Now one of the consequences of the reform process has been to give merchants more influence over what payment methods are ultimately used. The removal of the no-surcharge rule has allowed merchants to more easily use the price mechanism. The removal of the no-steering rule has allowed them to encourage the use of lower-cost methods of payment. And the watering down of the honour-all-cards rule has allowed them to accept a scheme's credit card, but not its debit card, and vice versa.
An important issue for the review therefore is whether the current balance between cardholders and merchants is where it should be. In particular, the Board is seeking views on whether there remain aspects of the scheme rules, or the structure of the payments system itself, that inappropriately limit merchant influence over how payments are made. For example, some commentators have expressed concern that the honour-all-cards rule still overly constrains merchant choice. In particular, the current rule requires a merchant to accept all credit cards of a particular brand if it accepts any credit cards of that brand. This means that merchants are not permitted to refuse acceptance of premium cards even if they view the cost of accepting these cards as too high.
One suggestion is that the honour-all-cards rule be further watered down by allowing merchants to make independent decisions about accepting each class of card to which a separate interchange fee applies. Such a change would leave intact the honour-all-issuers aspect of the rule, but would allow merchants to make independent acceptance decisions regarding, say, premium and standard cards. Similarly, independent acceptance decisions could be made for debit and pre-paid cards.
A related issue is to what extent an increase in the ability of merchants to influence payment patterns affects the case for regulation of interchange fees. This is relevant given that some commentators have concluded that the lack of normal competitive forces on interchange fees is, in part, rooted in the various rules and practices that have effectively limited merchants' ability to influence the type of payment method that is used. Others have suggested that merchants will inevitably be reluctant to take full advantage of any new freedoms, and thus removing restrictions will have little impact on the competitive dynamics. Given these different perspectives, the Board is seeking views on the extent to which an increase in merchants' influence over how payments are processed alters the competitive forces in the payments system, and thus potentially affects the case for regulation of interchange fees.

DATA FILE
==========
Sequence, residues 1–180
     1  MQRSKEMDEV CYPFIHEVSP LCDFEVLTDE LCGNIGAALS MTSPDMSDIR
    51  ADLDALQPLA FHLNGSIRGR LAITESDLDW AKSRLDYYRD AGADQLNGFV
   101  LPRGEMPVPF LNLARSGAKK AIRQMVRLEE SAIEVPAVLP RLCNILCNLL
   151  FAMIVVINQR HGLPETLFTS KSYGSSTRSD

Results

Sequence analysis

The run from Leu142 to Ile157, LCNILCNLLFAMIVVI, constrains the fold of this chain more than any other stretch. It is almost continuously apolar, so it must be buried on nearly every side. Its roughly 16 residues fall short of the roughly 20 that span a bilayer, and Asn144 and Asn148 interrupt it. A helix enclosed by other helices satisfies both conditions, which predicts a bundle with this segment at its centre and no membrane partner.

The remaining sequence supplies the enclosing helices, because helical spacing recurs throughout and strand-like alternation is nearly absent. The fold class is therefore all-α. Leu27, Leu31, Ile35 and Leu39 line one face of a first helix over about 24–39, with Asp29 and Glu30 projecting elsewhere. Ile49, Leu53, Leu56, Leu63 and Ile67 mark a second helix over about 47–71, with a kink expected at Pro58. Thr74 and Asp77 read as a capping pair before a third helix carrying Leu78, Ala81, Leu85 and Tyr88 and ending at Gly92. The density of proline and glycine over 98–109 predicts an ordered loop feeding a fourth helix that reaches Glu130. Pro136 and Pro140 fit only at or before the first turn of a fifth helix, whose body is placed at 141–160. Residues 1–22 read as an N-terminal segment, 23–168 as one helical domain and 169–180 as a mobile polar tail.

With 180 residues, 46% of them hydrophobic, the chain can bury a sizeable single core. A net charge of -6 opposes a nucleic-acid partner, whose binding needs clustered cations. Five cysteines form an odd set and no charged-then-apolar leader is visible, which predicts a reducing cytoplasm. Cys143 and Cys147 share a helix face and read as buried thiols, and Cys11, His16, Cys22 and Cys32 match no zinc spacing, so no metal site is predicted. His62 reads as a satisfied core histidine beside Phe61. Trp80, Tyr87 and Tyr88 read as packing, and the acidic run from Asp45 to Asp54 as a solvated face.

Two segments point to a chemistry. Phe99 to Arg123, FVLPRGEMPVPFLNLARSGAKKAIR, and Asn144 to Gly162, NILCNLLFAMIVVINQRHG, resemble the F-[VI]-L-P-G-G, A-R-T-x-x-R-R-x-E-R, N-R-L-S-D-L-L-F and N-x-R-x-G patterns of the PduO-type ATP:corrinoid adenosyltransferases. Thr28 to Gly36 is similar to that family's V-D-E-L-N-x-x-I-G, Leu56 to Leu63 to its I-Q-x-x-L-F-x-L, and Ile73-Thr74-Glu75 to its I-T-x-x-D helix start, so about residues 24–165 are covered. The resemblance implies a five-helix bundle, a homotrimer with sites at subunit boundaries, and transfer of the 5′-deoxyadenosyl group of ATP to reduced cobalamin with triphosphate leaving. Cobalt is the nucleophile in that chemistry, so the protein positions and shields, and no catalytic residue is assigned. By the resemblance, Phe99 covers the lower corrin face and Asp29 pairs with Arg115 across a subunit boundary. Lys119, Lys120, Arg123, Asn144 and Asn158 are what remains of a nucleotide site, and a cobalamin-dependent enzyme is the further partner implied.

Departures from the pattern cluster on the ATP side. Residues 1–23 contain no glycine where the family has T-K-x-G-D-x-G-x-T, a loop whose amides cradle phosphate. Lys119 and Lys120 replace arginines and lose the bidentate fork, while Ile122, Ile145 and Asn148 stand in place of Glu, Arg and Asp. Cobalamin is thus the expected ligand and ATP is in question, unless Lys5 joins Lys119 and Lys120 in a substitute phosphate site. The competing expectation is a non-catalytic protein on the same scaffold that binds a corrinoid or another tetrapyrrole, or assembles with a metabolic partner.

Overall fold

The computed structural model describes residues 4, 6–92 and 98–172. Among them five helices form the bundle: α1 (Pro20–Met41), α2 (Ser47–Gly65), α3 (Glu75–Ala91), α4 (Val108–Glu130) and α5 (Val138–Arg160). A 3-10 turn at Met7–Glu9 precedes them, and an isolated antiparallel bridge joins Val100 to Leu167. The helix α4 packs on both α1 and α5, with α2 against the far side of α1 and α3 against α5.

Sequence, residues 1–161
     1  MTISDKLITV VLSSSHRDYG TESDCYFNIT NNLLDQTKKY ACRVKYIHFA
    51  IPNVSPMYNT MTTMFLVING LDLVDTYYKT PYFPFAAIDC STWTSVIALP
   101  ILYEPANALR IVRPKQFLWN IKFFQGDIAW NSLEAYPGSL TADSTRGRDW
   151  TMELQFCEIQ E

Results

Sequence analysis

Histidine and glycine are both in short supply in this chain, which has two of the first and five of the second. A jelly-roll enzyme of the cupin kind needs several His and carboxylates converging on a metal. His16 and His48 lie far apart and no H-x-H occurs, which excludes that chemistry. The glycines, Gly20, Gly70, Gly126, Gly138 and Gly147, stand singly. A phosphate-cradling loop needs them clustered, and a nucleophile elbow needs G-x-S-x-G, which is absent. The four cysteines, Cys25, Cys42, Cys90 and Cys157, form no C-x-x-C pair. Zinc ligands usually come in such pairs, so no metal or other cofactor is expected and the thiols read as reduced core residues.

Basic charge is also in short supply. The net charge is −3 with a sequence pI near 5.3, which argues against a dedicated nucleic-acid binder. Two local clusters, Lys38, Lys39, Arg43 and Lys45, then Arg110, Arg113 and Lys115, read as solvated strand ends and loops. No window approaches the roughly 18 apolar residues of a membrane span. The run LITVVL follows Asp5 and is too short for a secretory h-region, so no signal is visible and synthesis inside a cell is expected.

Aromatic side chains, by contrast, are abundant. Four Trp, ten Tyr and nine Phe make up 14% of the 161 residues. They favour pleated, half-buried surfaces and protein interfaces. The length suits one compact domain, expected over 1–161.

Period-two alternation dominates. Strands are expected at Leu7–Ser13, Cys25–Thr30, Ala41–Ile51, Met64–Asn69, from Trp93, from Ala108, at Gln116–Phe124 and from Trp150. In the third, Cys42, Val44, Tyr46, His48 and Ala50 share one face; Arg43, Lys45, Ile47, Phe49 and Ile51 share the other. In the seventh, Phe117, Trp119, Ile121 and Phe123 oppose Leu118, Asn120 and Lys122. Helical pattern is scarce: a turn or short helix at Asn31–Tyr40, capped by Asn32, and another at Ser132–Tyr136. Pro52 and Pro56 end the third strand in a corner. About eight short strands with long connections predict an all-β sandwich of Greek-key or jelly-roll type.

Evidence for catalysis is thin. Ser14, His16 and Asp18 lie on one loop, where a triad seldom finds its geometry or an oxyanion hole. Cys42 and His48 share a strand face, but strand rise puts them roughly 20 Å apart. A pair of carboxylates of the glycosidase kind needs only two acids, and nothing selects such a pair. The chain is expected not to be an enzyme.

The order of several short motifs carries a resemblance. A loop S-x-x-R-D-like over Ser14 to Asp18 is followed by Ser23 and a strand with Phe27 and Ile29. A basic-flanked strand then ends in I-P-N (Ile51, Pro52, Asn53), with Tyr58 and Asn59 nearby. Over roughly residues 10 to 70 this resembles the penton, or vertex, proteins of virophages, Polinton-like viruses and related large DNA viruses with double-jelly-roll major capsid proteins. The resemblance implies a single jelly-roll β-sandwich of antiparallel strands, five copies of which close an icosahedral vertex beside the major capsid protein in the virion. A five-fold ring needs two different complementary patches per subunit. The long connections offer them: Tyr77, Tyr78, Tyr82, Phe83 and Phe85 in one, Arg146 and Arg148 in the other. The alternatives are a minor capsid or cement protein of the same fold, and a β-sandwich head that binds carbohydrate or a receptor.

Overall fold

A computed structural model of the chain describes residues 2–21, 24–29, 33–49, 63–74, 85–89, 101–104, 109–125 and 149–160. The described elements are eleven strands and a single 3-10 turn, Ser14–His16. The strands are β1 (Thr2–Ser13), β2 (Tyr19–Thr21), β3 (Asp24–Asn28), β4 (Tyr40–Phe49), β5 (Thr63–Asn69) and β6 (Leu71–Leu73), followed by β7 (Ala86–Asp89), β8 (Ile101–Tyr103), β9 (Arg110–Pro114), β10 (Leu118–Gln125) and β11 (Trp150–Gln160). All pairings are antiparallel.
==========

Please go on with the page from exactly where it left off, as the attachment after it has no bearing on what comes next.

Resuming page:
This brings me to the third question I raised at the outset: that is, what is the scope for self-regulatory solutions, rather than regulation by the Payments System Board?
Again, to repeat a point I made earlier: the Reserve Bank is a reluctant regulator and we would much rather see an industry, than a regulatory, response to public-policy concerns. Despite this, in a number of areas an industry response to the Board's concerns was not forthcoming, and the Board eventually judged that if adequate progress was to be made in a timely fashion, regulation was required. Without getting into debates about history, I think it was fair to say that this outcome was not inevitable. The Bank's public-policy concerns could have been addressed by industry, and indeed, in some cases, they have been.